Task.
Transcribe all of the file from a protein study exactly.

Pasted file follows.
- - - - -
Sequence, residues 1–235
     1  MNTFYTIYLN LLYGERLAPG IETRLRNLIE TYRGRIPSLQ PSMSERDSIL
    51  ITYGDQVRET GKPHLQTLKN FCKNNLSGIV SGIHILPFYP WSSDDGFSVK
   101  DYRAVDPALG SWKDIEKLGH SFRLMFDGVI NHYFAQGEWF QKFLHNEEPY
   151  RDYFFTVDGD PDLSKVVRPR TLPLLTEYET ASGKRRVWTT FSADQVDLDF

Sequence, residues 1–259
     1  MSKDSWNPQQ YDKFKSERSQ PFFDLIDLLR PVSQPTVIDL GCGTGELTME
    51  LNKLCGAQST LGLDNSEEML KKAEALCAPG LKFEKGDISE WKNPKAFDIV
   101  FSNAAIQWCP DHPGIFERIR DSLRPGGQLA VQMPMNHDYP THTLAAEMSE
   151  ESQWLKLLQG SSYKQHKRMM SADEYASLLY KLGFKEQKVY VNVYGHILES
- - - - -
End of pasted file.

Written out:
Sequence, residues 1–235
     1  MNTFYTIYLN LLYGERLAPG IETRLRNLIE TYRGRIPSLQ PSMSERDSIL
    51  ITYGDQVRET GKPHLQTLKN FCKNNLSGIV SGIHILPFYP WSSDDGFSVK
   101  DYRAVDPALG SWKDIEKLGH SFRLMFDGVI NHYFAQGEWF QKFLHNEEPY
   151  RDYFFTVDGD PDLSKVVRPR TLPLLTEYET ASGKRRVWTT FSADQVDLDF

Sequence, residues 1–259
     1  MSKDSWNPQQ YDKFKSERSQ PFFDLIDLLR PVSQPTVIDL GCGTGELTME
    51  LNKLCGAQST LGLDNSEEML KKAEALCAPG LKFEKGDISE WKNPKAFDIV
   101  FSNAAIQWCP DHPGIFERIR DSLRPGGQLA VQMPMNHDYP THTLAAEMSE
   151  ESQWLKLLQG SSYKQHKRMM SADEYASLLY KLGFKEQKVY VNVYGHILES